To be the one guy wearing a rainbow bow-tie at a conference table full of blue and black suits.
To be the one person in the park trying to do cartwheels after falling flat on your face 20 times.
To be the one person singing out loud on your headphones on a bus full of strangers. #SingOutLouise
My humble advice to you. Don’t try to learn shit about play or ridiculousness from a book. Instead go PRACTICE IT! Here are ten things you can do this week to tap into your ridiculous, child-like, playful nature:
- Go build a fort with sheets and pillows
- Invite some friends over to finger paint
- Sign up for a dance class
- Play music at your next work meeting
- Go roller skating
- Buy some wigs or hats and do a selfie photo shoot
- Make a list of the top five things you have the most fun doing – do them with abandon!
- Write a song
- Call someone and tell them how awesome they are
- Spend more time with the most ridiculous people you know
That’s your bucket list. Go PLAY!
Tell me below what is on your ridiculous bucket list.
Let’s make some magic.
“When will I be rich?”
What’s up, Anonymous! Short question. Here’s a short answer. You’ll be rich when you find your unique way of adding value to the world and convince people that you’re the best at it. Carpe diem!
“I’ve never worked out the in the way that I do at MFF (read: HARD). I was just a cardio guy up till now. I’d eat a banana or some toast and then go elliptical for an hour (it was AWFUL). Anyway, what should I eat before a MFF class. I often feel like I don’t put enough gas in the tank before class. HELP Mr. Wizard!”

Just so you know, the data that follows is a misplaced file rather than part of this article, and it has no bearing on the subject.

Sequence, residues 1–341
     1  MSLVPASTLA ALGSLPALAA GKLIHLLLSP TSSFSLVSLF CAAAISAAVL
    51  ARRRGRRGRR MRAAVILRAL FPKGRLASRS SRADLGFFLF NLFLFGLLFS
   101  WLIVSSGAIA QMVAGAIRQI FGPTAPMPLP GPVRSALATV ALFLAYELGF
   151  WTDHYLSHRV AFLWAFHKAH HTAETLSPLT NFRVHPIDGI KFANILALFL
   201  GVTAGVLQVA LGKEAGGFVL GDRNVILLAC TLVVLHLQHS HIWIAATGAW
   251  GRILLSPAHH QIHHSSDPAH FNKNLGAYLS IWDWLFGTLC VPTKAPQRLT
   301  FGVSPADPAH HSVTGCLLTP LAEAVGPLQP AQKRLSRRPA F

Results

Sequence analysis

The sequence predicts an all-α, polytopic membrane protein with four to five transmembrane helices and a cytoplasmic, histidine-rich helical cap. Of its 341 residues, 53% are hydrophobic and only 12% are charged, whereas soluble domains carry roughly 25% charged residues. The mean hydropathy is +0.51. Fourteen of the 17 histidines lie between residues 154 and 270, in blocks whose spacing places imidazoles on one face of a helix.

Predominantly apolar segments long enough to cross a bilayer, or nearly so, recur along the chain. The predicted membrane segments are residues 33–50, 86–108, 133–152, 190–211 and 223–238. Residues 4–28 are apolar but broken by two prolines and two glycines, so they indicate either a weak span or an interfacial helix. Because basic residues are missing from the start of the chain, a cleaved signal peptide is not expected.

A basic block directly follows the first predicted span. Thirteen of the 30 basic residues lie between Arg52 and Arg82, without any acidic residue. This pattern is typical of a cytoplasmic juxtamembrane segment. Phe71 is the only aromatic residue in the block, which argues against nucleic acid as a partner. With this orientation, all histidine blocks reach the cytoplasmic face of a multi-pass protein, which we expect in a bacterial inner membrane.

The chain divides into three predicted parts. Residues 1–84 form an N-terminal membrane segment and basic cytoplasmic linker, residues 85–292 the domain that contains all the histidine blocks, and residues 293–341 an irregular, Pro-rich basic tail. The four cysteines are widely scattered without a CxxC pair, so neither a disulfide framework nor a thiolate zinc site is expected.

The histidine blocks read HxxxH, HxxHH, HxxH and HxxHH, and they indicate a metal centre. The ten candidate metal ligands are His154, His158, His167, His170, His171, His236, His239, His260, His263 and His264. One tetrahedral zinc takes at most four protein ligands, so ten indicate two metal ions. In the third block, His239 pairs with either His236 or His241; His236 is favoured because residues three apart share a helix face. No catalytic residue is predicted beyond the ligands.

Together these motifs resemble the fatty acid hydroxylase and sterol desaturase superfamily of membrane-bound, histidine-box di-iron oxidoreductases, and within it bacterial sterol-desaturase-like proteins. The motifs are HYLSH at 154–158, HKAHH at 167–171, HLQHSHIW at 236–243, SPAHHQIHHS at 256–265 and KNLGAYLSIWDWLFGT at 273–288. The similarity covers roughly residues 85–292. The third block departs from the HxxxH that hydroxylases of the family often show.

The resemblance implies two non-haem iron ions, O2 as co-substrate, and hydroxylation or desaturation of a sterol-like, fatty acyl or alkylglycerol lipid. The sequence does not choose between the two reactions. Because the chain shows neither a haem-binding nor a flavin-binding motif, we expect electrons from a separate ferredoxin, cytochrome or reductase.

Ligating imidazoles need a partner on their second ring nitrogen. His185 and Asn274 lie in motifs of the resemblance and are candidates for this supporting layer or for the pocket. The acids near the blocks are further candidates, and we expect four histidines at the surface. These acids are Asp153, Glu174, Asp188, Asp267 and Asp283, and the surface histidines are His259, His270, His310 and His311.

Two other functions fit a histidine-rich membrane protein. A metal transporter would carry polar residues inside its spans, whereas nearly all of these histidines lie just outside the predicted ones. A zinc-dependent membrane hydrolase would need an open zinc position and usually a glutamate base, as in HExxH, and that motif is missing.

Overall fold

– Hungry Ninja
Hey Hungry Ninja! Let’s get you some damn food! Awesome question—and a super common one we hear all the time at MFF. Your workouts are harder than ever and you want to make sure you’re fueled to give 110%. This makes perfect sense—you’re a rockstar for asking!
The honest and best answer to this question is gonna piss you off, which is… it depends. It depends on your goals and your personal preferences. Here are MFF’s standard recommendations in a vacuum…
Want to lose maximal fat? At least eat protein before and after your workout.
Want to tone up without losing bodyweight? Eat protein before and protein and carbs after.
Want to build muscle? Eat protein and carbs before and after your workout.